Preliminary 2018 Budget Cuts Impact Economic Aid

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WASHINGTON, D.C. — On Thursday, March 16, the Trump Administration released a preliminary 2018 budget proposal which proposed major changes to discretionary spending in the United States. In particular, the budget proposes a 29 percent cut to the State Department, the United States Agency for International Development (USAID) and the Treasury International Program.

The State Department is responsible for leading the nation’s foreign policy issues and advising the president on international relations. The mission statement of the State Department is as follows: “Create a more secure, democratic, and prosperous world for the benefit of the American people and the international community.”

Part of foreign policy in the United States is the coordination of USAID, which provides aid to foreign nations for HIV/AIDS assistance, the reduction of famine, economic development around the world and poverty intervention.

The 2018 preliminary budget reduces the foreign aid and climate change initiatives by $10 billion. In particular, the budget proposal eliminates the Global Climate Change Initiative, a program that assists countries to fund renewable energy efforts and better management of their natural resources.

The budget proposal reduces the U.S. contributions to the United Nations, including the U.N. agencies and peacekeeping operations. The administration did not specify the percentage, but it indicated the number would go down.

While money is still set aside for humanitarian aid, which includes natural disaster relief as well as assistance with refugees, the budget proposal reduces the funding and eliminates $50 million from the Emergency Refugee and Migration Assistance account. In addition, only Israel would keep its current level of assistance, at $3.1 billion; this is more than any other nation receives.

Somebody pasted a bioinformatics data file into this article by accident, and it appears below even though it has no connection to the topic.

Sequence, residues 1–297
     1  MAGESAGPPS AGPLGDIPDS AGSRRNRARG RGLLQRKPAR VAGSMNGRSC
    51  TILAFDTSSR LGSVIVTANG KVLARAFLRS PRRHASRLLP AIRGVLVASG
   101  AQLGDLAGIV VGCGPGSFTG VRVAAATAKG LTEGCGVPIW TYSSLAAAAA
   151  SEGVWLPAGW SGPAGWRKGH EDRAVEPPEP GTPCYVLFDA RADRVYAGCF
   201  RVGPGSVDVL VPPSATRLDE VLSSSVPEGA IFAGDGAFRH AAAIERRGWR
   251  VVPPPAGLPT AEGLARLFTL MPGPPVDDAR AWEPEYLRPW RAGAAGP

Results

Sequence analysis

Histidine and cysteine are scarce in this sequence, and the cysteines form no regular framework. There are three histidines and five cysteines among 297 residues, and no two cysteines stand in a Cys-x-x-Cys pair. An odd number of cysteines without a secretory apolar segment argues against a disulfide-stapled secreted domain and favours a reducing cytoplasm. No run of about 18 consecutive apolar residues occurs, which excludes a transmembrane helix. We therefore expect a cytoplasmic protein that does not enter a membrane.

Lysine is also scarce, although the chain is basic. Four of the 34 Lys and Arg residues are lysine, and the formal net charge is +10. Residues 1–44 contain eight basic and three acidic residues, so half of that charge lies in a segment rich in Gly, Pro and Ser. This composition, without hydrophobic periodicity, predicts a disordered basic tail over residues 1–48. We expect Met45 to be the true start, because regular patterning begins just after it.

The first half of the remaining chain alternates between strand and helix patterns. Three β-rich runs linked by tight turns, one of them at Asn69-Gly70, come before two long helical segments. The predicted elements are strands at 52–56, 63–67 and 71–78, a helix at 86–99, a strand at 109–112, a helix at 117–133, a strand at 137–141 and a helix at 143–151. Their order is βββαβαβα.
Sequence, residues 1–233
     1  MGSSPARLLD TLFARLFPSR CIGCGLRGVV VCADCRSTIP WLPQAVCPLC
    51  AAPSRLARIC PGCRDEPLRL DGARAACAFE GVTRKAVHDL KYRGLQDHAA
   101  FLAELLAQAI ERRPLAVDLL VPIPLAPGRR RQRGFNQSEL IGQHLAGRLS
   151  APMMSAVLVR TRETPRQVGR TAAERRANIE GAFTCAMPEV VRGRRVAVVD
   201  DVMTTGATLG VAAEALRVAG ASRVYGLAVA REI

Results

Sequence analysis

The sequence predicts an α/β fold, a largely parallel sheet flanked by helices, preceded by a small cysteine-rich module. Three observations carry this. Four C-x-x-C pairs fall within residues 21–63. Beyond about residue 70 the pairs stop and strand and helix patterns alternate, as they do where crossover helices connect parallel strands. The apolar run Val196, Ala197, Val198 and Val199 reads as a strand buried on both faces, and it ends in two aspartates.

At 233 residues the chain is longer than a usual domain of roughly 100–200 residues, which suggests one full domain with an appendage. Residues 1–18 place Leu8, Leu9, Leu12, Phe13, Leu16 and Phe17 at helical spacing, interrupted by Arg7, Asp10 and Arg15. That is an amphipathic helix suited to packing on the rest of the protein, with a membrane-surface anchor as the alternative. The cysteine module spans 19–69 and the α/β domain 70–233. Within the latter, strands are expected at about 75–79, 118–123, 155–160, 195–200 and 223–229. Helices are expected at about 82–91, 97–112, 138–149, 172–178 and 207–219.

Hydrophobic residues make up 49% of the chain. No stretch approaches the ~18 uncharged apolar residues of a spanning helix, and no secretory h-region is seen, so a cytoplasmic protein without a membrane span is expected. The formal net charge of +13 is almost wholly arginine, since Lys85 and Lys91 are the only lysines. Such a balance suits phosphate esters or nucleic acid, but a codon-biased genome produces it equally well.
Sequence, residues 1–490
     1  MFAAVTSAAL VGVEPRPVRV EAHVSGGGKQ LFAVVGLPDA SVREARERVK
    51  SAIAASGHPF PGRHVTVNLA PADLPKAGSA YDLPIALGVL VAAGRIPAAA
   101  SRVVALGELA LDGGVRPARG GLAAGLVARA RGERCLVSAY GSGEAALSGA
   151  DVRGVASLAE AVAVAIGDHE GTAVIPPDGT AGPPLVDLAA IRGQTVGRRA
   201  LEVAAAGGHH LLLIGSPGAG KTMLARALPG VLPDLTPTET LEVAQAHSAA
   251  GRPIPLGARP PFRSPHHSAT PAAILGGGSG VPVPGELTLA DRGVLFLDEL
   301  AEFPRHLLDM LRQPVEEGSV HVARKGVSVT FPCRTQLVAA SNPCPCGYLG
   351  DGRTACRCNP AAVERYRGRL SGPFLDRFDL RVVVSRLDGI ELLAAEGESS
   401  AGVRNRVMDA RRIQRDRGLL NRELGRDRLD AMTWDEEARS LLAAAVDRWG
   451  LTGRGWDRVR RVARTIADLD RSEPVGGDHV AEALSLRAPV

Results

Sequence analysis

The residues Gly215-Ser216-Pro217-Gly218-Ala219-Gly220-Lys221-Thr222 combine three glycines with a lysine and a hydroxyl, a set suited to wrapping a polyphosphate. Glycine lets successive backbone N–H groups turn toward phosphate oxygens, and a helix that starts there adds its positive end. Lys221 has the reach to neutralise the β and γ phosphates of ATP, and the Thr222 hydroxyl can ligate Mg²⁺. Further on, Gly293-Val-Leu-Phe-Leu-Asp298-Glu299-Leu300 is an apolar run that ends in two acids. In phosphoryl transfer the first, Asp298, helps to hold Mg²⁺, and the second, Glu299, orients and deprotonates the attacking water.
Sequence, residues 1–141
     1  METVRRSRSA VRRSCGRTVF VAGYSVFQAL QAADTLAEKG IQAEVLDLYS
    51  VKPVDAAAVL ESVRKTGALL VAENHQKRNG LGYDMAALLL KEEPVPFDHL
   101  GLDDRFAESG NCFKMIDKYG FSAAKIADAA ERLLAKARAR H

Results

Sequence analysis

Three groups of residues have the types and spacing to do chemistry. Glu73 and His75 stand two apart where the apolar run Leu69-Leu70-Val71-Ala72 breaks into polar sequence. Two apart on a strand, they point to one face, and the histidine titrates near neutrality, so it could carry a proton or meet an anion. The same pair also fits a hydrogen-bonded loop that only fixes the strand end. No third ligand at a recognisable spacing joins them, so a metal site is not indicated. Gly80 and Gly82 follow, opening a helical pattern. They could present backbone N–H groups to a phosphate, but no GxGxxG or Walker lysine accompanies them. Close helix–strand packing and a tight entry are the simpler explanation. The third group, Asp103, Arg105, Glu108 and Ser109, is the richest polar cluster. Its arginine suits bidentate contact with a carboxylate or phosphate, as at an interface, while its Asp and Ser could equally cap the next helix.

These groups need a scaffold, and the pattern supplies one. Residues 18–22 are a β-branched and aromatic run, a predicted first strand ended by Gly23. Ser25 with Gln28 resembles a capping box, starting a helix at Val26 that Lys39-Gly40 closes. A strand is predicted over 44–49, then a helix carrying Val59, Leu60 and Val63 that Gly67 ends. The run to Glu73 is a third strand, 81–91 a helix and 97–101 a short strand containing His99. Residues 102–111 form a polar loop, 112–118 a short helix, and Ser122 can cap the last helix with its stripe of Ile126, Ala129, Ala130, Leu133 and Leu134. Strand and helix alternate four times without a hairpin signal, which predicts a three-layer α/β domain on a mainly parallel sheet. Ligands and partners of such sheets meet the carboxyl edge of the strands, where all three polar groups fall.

The United States currently contributes to many international banks, including the World Bank. The World Bank is responsible for funding anti-poverty programs in developing nations. The budget proposal reduces the contribution of the United States by $650 million.

The Trump Administration also proposes cutting all funding to specific organizations involved in global issues including the African Development Foundation, the U.S. Institute of Peace and the Fogarty International Center, an agency devoted to global health research.

The budget proposal continues to support two major health programs: Gavi, the Vaccine Alliance, which helps fund immunizations in the developing world, and PEPFAR, the successful anti-AIDS program started during George W. Bush’s presidency.

The Trump Administration has repeatedly used the phrase “America First” with regard to foreign policy decisions, focusing on American interests and American national security. The State Department spokesperson echoed the Trump Administration in saying that other nations need to contribute more around the world.

It remains to be seen whether or not Congress will approve the budget proposal, but the cuts would likely impact global poverty, climate initiatives and economic development around the world.

Jennifer Graham

Photo: Flickr

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About Author

Jennifer Graham

Jennifer is a sociologist from Arlington, TX; she received a Masters degree in Sociology from the University of Texas at Arlington. Her research focus areas are social movements, gender, and poverty.

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